We also had Martin ranked highly -- 11th among backs. We missed by 40 spots. Martin got banged up, sure, but he averaged just 44.9 yards per game in the 11 games he played, and his Rushing NEP per carry (-0.06) ranked 39th of the 60 backs with at least 75 carries. The math trusted Martin to play more like rookie-year Martin than injured and struggling sophomore-year Martin, but he failed to live up to the year-end production of his rookie year.

Martin tallied only 13 receptions, too, scantly more than 1.0 per game despite racking up 49 in his rookie year, and he totaled only 58 fantasy points all year -- just more than 5.0 per game.

Justin Forsett, RB, Baltimore Ravens

To be fair to us, nobody really predicted Forsett to be much of a factor this year -- at least not the eighth-best fantasy back on the year. He was buried on the Baltimore depth chart, and then things got messy for the Ravens, but our preseason numbers were locked in on guys like Forsett long before opportunity came knocking. We did peg the duo of Ray Rice and Bernard Pierce for a total of 206 fantasy points, and Forsett nearly got there (189), but I can't not mention that 116 in the difference column whether anybody could have foreseen it or not.

Honorable Mentions: LeSean McCoy (ranked 2nd, finished 13th), Mark Ingram (44th, 15th), Ben Tate (27th, 47th)

What We Got Right

Matt Forte, RB, Chicago Bears
Eddie Lacy, RB, Green Bay Packers

I get it, but hear me out. I'm lumping these two together because their stories were quite similar this year. After the first three picks -- almost unanimously Jamaal Charles, Adrian Peterson, and McCoy -- the decisions really started. Forte, Lacy, or another position? Well, if you trusted our analysis, then you would have went with running backs instead of bailing on the position.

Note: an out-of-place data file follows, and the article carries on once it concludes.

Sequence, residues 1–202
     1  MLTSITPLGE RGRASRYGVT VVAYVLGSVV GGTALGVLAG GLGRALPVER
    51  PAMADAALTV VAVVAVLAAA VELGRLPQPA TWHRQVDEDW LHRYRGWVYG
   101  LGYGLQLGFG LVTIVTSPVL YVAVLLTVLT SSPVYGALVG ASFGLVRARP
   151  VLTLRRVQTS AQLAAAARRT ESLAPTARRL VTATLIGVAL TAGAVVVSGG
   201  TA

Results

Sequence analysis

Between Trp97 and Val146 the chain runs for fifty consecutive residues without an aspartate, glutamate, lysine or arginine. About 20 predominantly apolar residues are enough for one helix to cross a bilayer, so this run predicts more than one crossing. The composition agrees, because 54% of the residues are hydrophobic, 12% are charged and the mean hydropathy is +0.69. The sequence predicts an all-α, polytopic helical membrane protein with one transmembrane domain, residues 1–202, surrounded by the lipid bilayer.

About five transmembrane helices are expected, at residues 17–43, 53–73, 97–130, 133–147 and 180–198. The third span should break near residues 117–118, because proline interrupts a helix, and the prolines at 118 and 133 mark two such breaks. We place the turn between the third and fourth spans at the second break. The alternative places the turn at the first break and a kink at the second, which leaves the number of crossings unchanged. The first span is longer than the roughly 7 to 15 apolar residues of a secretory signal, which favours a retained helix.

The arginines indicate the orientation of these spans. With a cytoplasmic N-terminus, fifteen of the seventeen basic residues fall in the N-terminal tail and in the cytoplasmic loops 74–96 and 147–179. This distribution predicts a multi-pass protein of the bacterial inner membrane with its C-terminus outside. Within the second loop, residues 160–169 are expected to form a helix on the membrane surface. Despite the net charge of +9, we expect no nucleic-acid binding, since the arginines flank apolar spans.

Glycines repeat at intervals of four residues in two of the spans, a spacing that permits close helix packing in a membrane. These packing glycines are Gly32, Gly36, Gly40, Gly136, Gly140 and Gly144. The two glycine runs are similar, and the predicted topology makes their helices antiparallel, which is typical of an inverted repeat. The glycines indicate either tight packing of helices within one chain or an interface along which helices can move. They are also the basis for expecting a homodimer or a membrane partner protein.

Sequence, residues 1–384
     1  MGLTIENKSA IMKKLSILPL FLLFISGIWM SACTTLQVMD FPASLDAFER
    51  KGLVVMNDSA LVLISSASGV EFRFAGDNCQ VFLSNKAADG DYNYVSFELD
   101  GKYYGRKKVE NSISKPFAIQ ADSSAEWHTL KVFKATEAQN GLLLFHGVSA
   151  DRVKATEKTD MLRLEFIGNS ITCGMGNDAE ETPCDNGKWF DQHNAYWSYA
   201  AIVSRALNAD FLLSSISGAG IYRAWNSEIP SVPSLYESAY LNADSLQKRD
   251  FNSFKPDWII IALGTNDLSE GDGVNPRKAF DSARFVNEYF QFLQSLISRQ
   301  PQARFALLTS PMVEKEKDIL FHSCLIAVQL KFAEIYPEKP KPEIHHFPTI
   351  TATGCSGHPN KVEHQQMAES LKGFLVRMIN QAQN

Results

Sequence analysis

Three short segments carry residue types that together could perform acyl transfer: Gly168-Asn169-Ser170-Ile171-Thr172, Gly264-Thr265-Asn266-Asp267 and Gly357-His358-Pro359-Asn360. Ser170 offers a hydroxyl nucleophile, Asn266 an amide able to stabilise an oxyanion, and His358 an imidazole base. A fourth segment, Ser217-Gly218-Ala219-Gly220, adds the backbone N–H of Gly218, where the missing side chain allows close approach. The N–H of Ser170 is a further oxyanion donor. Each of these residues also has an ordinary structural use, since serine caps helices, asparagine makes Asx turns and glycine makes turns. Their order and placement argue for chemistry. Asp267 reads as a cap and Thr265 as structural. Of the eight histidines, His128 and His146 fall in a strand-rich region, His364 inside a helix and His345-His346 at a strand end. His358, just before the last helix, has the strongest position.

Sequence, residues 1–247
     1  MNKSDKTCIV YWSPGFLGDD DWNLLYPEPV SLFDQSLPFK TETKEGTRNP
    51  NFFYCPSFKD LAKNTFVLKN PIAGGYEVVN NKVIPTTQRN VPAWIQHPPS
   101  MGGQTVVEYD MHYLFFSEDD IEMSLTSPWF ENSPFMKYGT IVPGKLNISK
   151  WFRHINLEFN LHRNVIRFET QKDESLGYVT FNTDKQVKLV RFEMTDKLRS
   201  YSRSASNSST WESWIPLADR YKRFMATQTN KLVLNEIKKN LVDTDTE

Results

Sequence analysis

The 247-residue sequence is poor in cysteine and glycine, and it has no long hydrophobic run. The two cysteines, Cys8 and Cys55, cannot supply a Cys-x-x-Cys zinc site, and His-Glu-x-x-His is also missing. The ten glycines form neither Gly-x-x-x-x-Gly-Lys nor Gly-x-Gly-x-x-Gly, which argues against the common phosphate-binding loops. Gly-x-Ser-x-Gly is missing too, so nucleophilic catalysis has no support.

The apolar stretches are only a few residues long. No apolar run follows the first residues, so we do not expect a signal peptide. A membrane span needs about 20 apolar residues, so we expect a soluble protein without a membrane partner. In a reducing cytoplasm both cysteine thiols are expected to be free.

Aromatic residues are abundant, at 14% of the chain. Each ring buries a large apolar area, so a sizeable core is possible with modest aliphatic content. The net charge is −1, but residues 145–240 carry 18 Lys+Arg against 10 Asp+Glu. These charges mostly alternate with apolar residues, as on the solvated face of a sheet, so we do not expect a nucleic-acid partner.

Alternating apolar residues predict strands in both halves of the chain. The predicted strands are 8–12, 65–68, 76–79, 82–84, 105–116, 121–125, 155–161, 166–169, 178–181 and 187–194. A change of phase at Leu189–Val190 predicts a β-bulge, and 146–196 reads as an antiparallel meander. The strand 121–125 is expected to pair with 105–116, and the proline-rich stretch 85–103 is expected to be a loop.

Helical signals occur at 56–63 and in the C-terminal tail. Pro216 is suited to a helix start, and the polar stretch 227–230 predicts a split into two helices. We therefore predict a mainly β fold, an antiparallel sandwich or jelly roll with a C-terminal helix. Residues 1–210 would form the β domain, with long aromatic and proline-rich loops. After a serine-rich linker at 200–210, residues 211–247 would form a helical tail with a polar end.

Well, we had Forte as a firm number-four and Lacy as the sixth-pick, and it worked out that way, as they finished fourth and sixth, respectively, among the running back position, which our math indicates as the most critical position in fantasy football. I'm not touting us for nailing mid-first-round picks but for trusting the numbers and getting great assets when the trend was to look elsewhere.

Marshawn Lynch, RB, Seattle Seahawks
Arian Foster, RB, Houston Texans

Same thing here, and the fact that first- and second-round running backs did, in fact, live up to the hype should be a takeaway -- even though guys like Stacy and Martin flamed out. If you were leery of Forte and Lacy, odds are you went with a guy such as Jimmy Graham or Calvin Johnson by picks six and seven rather than two aging backs. Well, we had Lynch as the fifth-best back this year -- he finished third -- and Foster, whom lots of people were ready to give up on, was projected seventh and finished fifth.

Forte, Lacy, Lynch, and Foster all averaged at least 15.0 fantasy points per game, which is hard to find at the position that is now being delegated to by-committee approaches. Sure, you can point to guys like Ball, Stacy, and Martin to justify not going near the position early, but the top seven finishers at the position were second-rounders at the very latest.

Bishop Sankey, RB, Tennesee Titans

If you were one to wait on backs, you probably targeted Sankey, who seemed to be stepping into a big role. We actually overvalued Sankey by nine spots -- we pegged him at 37th and he finished 46th. But jumping on unproven backs are something our math didn't do this year, and it paid off in this instance.

Sankey's Rushing NEP per carry (-0.09) ranked 49th among 60 backs with at least 75 carries, and being low on him ended up being the right call.

Honorable Mentions: Fred Jackson (ranked 25th, finished 24th), Alfred Morris (14th, 12th), Steven Jackson (24th, 22nd), Shane Vereen (32nd, 29th)